EUROPE > Amnesty accuses Greece of inhuman migrant treatment


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A man walks past a pro-migrant graffiti in Athens. A Greek police officer (inset) conducts a body search on an immigrant. Amnesty International accused Greece of endangering migrants’ lives. REUTERS photos

A man walks past a pro-migrant graffiti in Athens. A Greek police officer (inset) conducts a body search on an immigrant. Amnesty International accused Greece of endangering migrants’ lives. REUTERS photos

Amnesty International accused Greece yesterday of endangering the lives of undocumented migrants and refugees and detaining them in “inhuman” conditions, as the crisis-racked country cracks down on illegal immigration.

In a statement released a few days after 21 migrants died trying to cross the Aegean Sea in a boat, the rights group’s Greek branch accused the police of repeatedly jeopardizing migrants’ lives by turning back intercepted boats, even knifing one group’s inflatable dinghy and sending another boatload back with no life vests.

“Amnesty International has received reports that even people fleeing from conflict and wars in countries such as Syria are being pushed back to Turkey at the river Evros,” the natural boundary between Greece and Turkey, the group said. “The situation in Greece today is totally undeserving of the Nobel Peace Prize recently awarded to the European Union,” the group’s director for Eastern Europe and Central Asia, John Dalhuisen, said.

Amnesty said it had visited a number of detention centers in July and August and found conditions to be “inhumane” and “demeaning,” according to Agence France-Presse.

Amnesty reported the testimony of a group of Syrians who said Greek police had intercepted their dinghy in June in the middle of the river Evros. The migrants said the police vessel began to push the dinghy back toward the Turkish side of the river, and a policeman struck the inflatable boat with a knife and sank it.

Xenophobic attacks on the rise: Rights groups

In another alleged incident in August, a group of Syrians were put in boats on the river without life vests. When they reached the Turkish side, 15 of the 40 people originally in the boats were missing, the group said.

Other migrants spoke of insurmountable obstacles in lodging asylum claims, as Greek authorities would only accept a small number of applications, exposing the remaining would-be refugees to arrest and detention.

Human rights groups warn that xenophobic attacks on migrants and refugees are on the rise in Greece, where economic hardship and crime have fueled the rise of far-right and vigilante gangs. Greece has seen a surge in neo-Nazi activity, with the far-right Golden Dawn party winning an unprecedented 18 seats with 7 percent of the vote in June parliamentary elections.

Greek authorities and Frontex, the agency that helps border authorities from different EU countries work together, have tried to stem the flux of migrants since 2010.

Exploitation in Italy

In a separate report, Amnesty International has alleged widespread exploitation of foreign migrant workers in Italy, saying they often receive less than the minimum wage and sometimes are not paid at all, The Associated Press reported.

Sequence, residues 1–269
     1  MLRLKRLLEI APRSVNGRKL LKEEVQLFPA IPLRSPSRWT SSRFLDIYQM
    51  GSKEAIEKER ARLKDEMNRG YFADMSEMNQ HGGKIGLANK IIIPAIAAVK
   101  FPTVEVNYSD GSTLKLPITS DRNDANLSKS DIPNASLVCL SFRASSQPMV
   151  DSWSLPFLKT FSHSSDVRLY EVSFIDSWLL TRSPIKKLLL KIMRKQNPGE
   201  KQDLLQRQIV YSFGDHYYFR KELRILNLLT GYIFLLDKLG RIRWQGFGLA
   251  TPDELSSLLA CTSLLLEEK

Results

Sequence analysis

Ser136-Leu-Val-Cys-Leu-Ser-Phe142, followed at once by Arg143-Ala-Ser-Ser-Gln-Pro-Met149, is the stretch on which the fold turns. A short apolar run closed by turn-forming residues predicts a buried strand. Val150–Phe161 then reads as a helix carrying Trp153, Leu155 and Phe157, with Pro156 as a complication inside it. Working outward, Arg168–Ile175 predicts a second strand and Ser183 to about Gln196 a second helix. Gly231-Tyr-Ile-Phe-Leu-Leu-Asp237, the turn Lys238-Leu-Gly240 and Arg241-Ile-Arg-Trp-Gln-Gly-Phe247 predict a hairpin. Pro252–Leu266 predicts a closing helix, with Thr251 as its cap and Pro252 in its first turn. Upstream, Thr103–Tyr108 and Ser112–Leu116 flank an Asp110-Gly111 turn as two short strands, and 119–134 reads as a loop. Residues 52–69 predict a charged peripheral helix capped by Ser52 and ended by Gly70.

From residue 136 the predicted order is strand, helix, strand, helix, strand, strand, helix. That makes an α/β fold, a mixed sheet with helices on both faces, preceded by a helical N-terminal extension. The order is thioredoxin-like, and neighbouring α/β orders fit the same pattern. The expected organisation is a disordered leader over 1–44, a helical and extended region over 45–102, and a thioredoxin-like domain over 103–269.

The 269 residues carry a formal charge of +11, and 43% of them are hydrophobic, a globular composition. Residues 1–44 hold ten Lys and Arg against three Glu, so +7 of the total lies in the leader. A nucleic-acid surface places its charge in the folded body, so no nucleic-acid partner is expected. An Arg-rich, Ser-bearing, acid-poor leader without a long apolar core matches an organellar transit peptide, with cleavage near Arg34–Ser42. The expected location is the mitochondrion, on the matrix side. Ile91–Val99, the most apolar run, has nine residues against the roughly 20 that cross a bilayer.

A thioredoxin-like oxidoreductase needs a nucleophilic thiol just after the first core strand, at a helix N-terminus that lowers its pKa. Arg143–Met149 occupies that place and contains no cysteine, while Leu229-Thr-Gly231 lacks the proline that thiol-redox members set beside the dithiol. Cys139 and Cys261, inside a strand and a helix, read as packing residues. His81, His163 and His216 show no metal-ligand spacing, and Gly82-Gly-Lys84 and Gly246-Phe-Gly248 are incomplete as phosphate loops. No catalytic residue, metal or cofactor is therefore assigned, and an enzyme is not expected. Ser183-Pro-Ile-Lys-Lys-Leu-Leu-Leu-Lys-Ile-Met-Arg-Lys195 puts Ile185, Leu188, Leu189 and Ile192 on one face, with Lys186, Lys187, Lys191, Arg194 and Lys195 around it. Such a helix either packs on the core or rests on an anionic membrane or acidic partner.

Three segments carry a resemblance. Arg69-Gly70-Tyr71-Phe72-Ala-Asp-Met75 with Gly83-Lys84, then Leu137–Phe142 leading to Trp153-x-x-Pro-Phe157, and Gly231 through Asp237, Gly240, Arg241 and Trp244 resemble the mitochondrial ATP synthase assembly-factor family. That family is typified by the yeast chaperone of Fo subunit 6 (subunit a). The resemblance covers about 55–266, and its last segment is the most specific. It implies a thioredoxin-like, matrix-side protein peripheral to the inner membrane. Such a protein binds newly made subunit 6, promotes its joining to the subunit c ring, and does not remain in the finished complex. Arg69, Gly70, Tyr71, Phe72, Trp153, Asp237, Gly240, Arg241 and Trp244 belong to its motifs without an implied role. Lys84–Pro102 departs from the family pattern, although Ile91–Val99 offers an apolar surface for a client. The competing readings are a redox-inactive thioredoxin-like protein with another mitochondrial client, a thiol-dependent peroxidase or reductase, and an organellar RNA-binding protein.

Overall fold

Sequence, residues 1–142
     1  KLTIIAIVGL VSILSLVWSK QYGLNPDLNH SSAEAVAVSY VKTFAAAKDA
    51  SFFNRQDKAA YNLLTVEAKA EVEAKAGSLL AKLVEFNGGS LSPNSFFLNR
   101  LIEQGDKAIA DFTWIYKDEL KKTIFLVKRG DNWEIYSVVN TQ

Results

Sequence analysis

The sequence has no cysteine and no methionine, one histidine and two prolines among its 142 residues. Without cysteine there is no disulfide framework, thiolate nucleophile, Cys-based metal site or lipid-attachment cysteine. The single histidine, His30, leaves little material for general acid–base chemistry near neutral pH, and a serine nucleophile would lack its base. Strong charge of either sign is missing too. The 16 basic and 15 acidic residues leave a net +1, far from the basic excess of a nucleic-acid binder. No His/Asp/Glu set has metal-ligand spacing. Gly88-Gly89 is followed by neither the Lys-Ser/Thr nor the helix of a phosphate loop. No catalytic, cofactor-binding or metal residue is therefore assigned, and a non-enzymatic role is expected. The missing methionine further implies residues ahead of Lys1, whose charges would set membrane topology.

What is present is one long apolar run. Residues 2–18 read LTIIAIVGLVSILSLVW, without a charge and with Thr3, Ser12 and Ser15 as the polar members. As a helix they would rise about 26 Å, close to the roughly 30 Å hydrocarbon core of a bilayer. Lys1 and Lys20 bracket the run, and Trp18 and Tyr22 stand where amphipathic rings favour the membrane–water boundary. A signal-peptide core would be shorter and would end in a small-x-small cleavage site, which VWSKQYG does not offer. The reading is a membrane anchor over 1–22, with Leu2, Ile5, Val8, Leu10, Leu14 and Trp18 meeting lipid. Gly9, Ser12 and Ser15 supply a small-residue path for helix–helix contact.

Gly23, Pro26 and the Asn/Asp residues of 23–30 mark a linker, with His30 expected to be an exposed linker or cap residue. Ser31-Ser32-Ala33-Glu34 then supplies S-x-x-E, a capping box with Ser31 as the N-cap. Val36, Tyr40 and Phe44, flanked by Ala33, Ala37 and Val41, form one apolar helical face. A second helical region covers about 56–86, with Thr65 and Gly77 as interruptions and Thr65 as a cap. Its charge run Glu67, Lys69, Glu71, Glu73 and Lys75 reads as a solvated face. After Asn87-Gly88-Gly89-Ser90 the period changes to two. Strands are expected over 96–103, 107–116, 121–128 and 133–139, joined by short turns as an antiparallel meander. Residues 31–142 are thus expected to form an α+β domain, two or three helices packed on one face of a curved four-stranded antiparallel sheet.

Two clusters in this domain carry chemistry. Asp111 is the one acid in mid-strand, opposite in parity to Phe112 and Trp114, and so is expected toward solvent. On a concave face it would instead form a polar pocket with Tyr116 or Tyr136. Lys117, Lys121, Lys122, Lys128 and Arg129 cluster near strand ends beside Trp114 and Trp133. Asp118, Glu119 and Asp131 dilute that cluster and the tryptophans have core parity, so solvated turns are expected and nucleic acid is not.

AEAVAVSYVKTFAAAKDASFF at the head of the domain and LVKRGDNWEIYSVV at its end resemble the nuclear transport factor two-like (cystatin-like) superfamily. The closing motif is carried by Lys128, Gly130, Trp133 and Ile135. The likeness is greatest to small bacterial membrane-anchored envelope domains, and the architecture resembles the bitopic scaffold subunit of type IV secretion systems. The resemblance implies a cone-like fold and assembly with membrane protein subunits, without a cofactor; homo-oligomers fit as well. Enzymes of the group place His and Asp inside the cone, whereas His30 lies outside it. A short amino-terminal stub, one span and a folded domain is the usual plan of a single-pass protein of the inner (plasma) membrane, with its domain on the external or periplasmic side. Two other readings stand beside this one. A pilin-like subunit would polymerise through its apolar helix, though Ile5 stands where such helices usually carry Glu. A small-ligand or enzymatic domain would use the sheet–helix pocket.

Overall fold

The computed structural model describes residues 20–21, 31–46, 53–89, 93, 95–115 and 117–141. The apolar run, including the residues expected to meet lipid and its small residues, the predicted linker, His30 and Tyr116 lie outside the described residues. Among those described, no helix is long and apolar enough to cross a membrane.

The group said that studies have found a “pattern of labor exploitation” of migrants across Italy, particularly in southern farming areas. The group credits Italian investigators for prosecuting some “extreme” cases of exploitation, but contends less serious abuses often go unpunished.


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Notice on comments

Rich Murphy

12/22/2012 7:09:32 PM

"It's no surprise that these forums are full of anti-Greeks."??? Are you kidding!! Whatever Greeks are suffering from is all self-inflicted by themselves alone. The main culprits of their problems is corruption at colossal dimensions by the Greeks, of the Greeks, for the Greeks. Call this "Greek democracy" if you will, and write a few more books about "Greek democracy."

Pawel Bury

12/22/2012 9:30:10 AM

It's no surprise that these forums are full of anti-Greeks. It's strange that so many people don't have a clue about what's going on in Greece. Talking in Turkey for democracy, amnesty and minorities, the country with the most convictions in international organizations is a paradox. Greece has a really large problem with illegal immigrants a problem mostly caused by Turkey. People are getting killed by these immigrants every day but still you see only the one side of the story.

kerem atan

12/21/2012 7:29:26 PM

its no surprise that the word 'Xenophobia' comes from the greek language.

Chris Green

12/21/2012 1:47:20 AM

Nothing new - 49 years ago today, many of them were slaughtering Turkish Cypriots at the outset of what has become known as Bloody Christmas or Kanli Noel!

Rich Murphy

12/21/2012 1:28:57 AM

Europeans call Greece "the home of democracy" just because the elite there, a small minority of them, elected their tyrants in the far past. Actually, election does not make it "democracy" as long as the elected and electors do not respect basic human rights and freedoms. Their forefathers did not know that, and did not care anyway then, and not even now.
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